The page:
Reframing newsletter

Telling a Cohesive Advocacy Story

September 7, 2017
Congress returned to Washington this week with a long list of legislative priorities, including a Hurricane Harvey relief package, FY 2018 spending bills, and raising the debt-ceiling. Overhauling the tax code could also make it onto Congress’ fall agenda. The human service sector has an important role to play in sharing with the public a cohesive story that explains how these policies will affect our nation’s physical, emotional, economic, and social well-being.

Alliance for Strong Families and CommunityIn a recent opinion piece published in The Hill, Susan Dreyfus, President & CEO of the Alliance for Strong Families and Communities and an NHSA board member, provides a thoughtfully framed commentary on the collective impact that policy proposals related to Medicaid, the federal budget, and charitable giving tax incentives would have on health and well-being. Dreyfus uses the Building Well-Being Narrative throughout the piece to establish why these policy decisions matter to the public and to explain how various policies and programs work together to influence well-being. Following are just a few well-framed excerpts from “The Federal Budget is a Reflection of Our Nation’s Health Values.” We encourage you to read the full piece and consider how you can apply similar strategies to your advocacy communications in the coming months.

Excerpts from “The Federal Budget is a Reflection of Our Nation’s Health Values”

Value of Human Potential – Establishes early in the piece why the public should care about the federal policies and normalizes the need for a range of services and supports:

Whether you are talking about access to quality healthcare, housing, transportation, education, nutrition, job training and jobs, safety and permanency — these are all interconnected and necessary for individuals to reach their fullest potential.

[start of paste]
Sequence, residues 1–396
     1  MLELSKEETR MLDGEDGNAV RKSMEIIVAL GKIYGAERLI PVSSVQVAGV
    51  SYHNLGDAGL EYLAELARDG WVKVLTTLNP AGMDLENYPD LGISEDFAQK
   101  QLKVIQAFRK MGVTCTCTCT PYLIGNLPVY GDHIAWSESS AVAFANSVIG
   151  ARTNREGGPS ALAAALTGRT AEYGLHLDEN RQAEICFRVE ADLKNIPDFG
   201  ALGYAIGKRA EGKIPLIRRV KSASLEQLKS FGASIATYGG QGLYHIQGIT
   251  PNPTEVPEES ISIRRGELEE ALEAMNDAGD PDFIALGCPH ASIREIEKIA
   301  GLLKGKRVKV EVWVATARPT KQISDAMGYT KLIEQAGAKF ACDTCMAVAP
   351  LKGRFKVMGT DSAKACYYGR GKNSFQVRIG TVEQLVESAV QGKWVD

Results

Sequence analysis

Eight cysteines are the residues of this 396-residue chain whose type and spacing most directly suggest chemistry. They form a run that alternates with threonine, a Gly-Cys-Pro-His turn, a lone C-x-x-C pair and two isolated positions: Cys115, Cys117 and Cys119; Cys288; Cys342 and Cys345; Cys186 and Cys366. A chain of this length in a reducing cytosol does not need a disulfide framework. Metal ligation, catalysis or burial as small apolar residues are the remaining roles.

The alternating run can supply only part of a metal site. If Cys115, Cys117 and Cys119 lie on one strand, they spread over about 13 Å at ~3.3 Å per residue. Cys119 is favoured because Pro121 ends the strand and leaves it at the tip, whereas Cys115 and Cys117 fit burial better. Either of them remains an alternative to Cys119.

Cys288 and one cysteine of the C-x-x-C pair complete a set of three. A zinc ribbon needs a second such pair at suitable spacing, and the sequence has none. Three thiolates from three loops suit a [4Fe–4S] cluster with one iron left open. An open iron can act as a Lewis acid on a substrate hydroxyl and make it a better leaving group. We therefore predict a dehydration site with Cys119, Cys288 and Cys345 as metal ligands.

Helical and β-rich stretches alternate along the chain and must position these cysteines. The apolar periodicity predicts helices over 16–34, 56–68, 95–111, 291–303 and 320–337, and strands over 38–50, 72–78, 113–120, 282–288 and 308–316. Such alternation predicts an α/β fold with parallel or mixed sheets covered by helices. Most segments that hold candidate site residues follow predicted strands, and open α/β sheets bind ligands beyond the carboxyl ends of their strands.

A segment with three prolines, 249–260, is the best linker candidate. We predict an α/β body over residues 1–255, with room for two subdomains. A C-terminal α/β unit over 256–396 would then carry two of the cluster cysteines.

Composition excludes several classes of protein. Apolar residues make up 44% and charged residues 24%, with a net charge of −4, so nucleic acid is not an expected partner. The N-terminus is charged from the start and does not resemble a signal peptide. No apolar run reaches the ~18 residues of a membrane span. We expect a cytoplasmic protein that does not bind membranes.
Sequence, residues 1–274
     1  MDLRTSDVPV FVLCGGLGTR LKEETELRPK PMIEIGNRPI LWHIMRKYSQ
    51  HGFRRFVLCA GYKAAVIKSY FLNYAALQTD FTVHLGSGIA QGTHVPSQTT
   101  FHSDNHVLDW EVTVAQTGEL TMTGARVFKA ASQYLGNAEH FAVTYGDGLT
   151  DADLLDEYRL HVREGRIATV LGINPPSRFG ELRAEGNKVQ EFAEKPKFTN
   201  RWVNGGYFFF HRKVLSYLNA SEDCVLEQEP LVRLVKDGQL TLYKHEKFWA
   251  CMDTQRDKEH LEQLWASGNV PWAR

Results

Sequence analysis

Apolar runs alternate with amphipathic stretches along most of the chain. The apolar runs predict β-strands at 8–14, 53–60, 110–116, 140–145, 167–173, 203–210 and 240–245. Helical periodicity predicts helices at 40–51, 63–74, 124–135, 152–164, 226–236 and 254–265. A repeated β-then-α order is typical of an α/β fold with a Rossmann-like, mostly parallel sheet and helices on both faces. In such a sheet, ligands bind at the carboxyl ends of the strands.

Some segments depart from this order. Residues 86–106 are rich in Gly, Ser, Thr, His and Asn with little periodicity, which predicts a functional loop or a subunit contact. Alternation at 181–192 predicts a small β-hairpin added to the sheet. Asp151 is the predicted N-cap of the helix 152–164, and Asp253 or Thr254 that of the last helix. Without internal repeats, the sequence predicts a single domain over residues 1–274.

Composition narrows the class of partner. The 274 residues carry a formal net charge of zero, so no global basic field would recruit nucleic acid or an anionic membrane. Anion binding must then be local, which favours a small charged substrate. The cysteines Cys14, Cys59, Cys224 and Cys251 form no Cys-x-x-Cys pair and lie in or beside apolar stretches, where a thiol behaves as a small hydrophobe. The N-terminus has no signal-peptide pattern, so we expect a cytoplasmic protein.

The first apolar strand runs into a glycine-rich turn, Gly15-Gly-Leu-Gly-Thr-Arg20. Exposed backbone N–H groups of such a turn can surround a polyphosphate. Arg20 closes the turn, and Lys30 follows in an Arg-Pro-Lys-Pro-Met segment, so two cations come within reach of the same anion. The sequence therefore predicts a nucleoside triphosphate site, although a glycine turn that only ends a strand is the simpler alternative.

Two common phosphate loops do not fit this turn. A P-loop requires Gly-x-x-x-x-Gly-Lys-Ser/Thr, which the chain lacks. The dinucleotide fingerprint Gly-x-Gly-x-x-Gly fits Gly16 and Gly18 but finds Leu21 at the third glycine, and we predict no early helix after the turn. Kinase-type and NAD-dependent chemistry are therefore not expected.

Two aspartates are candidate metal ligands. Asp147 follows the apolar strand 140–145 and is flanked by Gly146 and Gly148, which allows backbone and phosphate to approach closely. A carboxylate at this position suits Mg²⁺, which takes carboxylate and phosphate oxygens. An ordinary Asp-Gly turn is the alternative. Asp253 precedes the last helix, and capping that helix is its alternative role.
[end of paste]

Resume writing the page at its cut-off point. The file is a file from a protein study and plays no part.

Construction Metaphor – Uses construction concepts throughout the piece to explain what we all need to thrive:

As leaders in the health and human services sector, we know that individuals, families and communities are more likely to achieve their full potential when they have a strong foundation that enables them to thrive, no matter their current situation, socio-economic status, or geographic location.

That means having access to key building blocks, like gainful employment, affordable and preventive healthcare, safe and nurturing relationships and environments, and quality education are essential.

Construction Metaphor – Extends the metaphor to explain how existing and proposed policies can undermine well-being:

Our work to build, restore and sustain that foundation is now in jeopardy across too many fronts. We must reverse this course and recognize the cumulative impact these proposed policies will have for families and communities, not just today but well into the future.

Solutions – Closes with a specific call to action that reinforces the ways in which we all benefit from the human service sector:

The federal budget is a reflection of our nation’s values — and those values must include: investments in our human capital and the social determinants of health; increased incentives for charitable giving; and access to quality, preventive, and affordable healthcare for everyone.

As vital partners to government, community-based health and human services organizations serve as beacons of light in tens of thousands of communities across America. Policies and financial investments that strengthen the health and human services system and recognize the vital role our sector plays will lead to better outcomes for the families and communities we serve, which in turn, will lead to a stronger economy and healthier America.